A. It took a year and a half. We’d decided that we’d wait. Well, there were many offers for Faiz. He used to go and see the girls and come back and say, ‘She’s too fat… She’s got glasses’ and so on. Then one of his sisters, Maryam, took up my cause, ‘The boy’s unhappy and they’ll have lovely children.’
Q. Did your mother-in-law put any conditions to the marriage?
A. Yes: that I should learn to read and say my namaz. That was quite exciting. I did it when I was expecting Cheemi – I had a mullah who used to come and turn all the pictures to the wall; and he taught me to read the Arabic prayer.
The other condition was that I should become a Muslim at the marriage and should have an Islamic name. I was named Kulsoom. I would speak Urdu with her — what other means of communication did we have?
Q. When did you learn Urdu?
A. Faiz used to tell me, ‘you must learn the language as quickly as possible or you’ll be unhappy. You’ll always think people are talking about you’. I started learning it before I was married, when I was in Amritsar, staying wih Taseer. There was a Professor of History, Moebul Hassan. I started teaching him French and he began to teach Urdu.
Q. Did you ever feel any hostility, towards you because of your nationality?
A. Yes. We were living in a little flat in Delhi at the time. Tilly, the German wife of Dr Saleem-uz-Zaman, the scientist and I went out in a tonga. I was in my sari, and somebody threw a huge brick at us. It lodged in the framework of the tonga, otherwise it would have hit one of us and would have knocked us out.
The army came to me — a sergeant in his shorts and red legs, and asked if I would like to go to the Fort for protection. I refused. I said ‘This is my home. I have my husband.’ Of course later, after Partition, when one used to go out, little boys would call out ‘Mem! Mem!’ But one gets used to it.
Q. When you first married Faiz, what did you think your prospects would be? After all, he was poor, a poet.
A. When we first married, it was quite difficult. He was earning 150 rupees as a teacher at the Hailey College of Commerce.
Q. How did the war affect you personally?
A. He joined the army. That was the time the Japanese were advancing; Calcutta was being bombed and the party took a decision… So then we went to Delhi and there I remember standing in the garden and one of our friends, Omer, came to me and said, ‘You’re a traitor. Why have you sent Faiz into the army?’ He was quite nasty. I didn’t even answer. I was terribly upset because some people didn’t understand the circumstances under which Faiz had gone into the army.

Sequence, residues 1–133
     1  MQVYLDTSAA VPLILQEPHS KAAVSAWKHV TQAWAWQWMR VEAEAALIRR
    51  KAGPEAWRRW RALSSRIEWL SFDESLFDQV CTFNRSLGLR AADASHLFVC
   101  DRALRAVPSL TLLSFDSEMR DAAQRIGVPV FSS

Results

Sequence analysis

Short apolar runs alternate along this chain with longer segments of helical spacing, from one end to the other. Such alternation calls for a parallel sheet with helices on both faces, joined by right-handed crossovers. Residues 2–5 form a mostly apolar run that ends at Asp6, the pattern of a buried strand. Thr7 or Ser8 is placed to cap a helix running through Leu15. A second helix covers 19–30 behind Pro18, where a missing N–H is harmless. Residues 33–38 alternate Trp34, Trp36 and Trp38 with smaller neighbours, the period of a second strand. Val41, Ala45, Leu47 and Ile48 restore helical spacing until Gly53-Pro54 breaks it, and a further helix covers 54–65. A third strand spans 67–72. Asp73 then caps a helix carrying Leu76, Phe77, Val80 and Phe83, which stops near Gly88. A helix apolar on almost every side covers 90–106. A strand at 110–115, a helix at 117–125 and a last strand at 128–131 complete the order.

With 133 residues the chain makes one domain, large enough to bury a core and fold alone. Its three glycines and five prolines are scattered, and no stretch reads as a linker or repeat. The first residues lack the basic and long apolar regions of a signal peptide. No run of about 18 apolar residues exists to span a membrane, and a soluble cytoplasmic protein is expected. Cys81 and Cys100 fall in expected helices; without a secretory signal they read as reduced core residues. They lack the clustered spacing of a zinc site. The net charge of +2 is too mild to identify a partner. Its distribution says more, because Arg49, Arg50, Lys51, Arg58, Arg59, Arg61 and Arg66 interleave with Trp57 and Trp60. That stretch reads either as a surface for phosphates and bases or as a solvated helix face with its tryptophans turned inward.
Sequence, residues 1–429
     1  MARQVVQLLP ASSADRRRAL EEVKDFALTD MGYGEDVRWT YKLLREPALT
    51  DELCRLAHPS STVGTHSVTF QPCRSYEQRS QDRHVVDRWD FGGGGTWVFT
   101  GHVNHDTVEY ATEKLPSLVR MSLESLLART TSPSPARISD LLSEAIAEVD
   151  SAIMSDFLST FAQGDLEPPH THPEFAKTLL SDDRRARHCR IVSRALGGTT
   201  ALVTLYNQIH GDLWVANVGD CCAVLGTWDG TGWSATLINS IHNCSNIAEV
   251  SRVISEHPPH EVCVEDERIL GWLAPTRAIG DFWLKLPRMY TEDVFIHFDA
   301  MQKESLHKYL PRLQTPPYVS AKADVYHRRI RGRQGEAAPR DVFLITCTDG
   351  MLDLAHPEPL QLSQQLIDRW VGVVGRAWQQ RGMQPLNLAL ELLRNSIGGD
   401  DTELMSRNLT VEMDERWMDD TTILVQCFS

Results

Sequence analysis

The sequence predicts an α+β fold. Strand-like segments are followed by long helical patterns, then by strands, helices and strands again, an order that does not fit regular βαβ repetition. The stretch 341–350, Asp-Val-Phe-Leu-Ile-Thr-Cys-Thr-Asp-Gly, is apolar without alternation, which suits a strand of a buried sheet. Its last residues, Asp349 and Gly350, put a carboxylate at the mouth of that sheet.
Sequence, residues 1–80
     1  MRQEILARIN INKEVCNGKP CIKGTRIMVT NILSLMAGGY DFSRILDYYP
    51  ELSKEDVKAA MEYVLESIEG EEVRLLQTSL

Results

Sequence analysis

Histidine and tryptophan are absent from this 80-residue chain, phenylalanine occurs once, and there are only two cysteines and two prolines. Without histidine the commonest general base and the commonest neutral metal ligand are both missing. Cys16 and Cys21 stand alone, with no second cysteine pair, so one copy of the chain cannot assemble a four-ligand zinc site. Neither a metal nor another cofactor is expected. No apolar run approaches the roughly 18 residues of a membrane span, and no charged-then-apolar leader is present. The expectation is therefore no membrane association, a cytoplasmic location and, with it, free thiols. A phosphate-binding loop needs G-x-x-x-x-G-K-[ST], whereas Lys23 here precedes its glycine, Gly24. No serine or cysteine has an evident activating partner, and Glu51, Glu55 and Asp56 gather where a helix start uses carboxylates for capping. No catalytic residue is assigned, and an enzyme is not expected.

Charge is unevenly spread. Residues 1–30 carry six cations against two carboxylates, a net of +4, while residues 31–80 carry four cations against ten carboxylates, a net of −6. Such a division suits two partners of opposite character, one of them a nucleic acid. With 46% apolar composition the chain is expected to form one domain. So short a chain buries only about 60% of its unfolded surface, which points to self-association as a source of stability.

Q. What was your wedding like?
A. Taseer and Chris were in Srinagar – Taseer was the principal of the college there. It was obvious I was to be married there. Faiz came with a baraat; there were just three of them: Faiz, his brother and a member of the Communist party, Naeem. I saw him in Lucknow three years ago, at the mushaira in Faiz’s honour and he said to me ‘Only one of the members of the baraat is alive now!’
Q. Did you have a dowry?
A. Yes, I had a lovely wedding sari — maroon and gold — for which my mother had sent the money from England. Salima has it now. She wears it on occasions. Faiz brought some suit; I wore it on the valima; red, typical Punjabi. Of course, it couldn’t have been too expensive — he didn’t have that much money.
The wedding was lovely, because it was in the Queen’s summer palace. The wedding was conducted by Sheikh Abdullah; he and Taseer were great friends. I remember him standing there and he asked me in three different languages: English, Urdu, and I suppose, Kashmiri. The grandmother of these Rafi Peer boys was there and she said, ‘This is no marriage: there’s no bong, bong, bong!’ A huge dining table was spread with all this food and afterwards there was a mushaira; Josh was there.
Q. How did Partition affect you?
A. After that terrible massacre in Ramgarh, I went with Salima (and Moneeza her second daughter) to Simla. It was quite wretched to be separated from Faiz. I also worked in the refugee camps.
Q. Faiz was Editor at The Pakistan Times. Were you also there?
A. I worked from home. I was the original Aapa Jaan — the first children’s page in the country. And I also started a women’s page.
Q. Any conflict with your boss?
A. There was no question of a clash!
Q. What was Faiz like to live with?
A. Easy, disciplined. But it was difficult to live two lives – living with a poet, and also being a housewife and mother.
Q. Did Faiz help you and your mother-in-law to adjust to each other?
A. He used to say to me, ‘You can’t change my mother and she can’t change you. You both have to come to a meeting point, where you beg to differ’, and we did. Then I began to be able to joke in Urdu, and I used to make her laugh. . .
Q. Then came Faiz’s arrest in the Rawalpindi conspiracy case in 1952. You were with two small children, no money, in a foreign country … How did it feel?
A. Faiz was always telling me it was going to happen: ‘We’ll be fighting on the street corners…’ ‘Oh shut up’, I would say! We had some beer in our flat. Suddenly, we heard some knocking downstairs. I got up and went to see: there was this row of police. I said, ‘Faiz, there’s a lot of police here; it must be a raid. What could it be?’ I said, ‘We’ve got some beer.’
We were so stupid! We rushed around looking and found one bottle, but we couldn’t find the opener, and killed ourselves laughing, trying to open it on the doors. Anyway, we got it open and threw it down the commode, but there was no water! Finally I had to go down and let them in. They came up and stood around. How sorry I feel for the children. Moneeza couldn’t understand.
Q. Did you ever regret your or Faiz’s commitment?
A. No, I didn’t. We had political arguments, about certain attitudes… But we sorted them out. I would bear a grudge, resentment; Faiz wanted to accept. He would say you can’t blame them for what they did.
Q. Did you ever despair?
A. I cried sometimes, but I am a Brit. I mean, there’s something in your upbringing: you do have a lot of resilience and lots of courage. I was determined not to be embarrassed, belittled by these people.
My salary was 420 rupees — char sau bis! I bought a bicycle and had a big straw hat and used to go along the Mall and Hall road. The policeman would stop all the traffic and wave me on. I became quite famous on the Mall.
I didn’t despair; I don’t know… I used to feel frightened sometimes.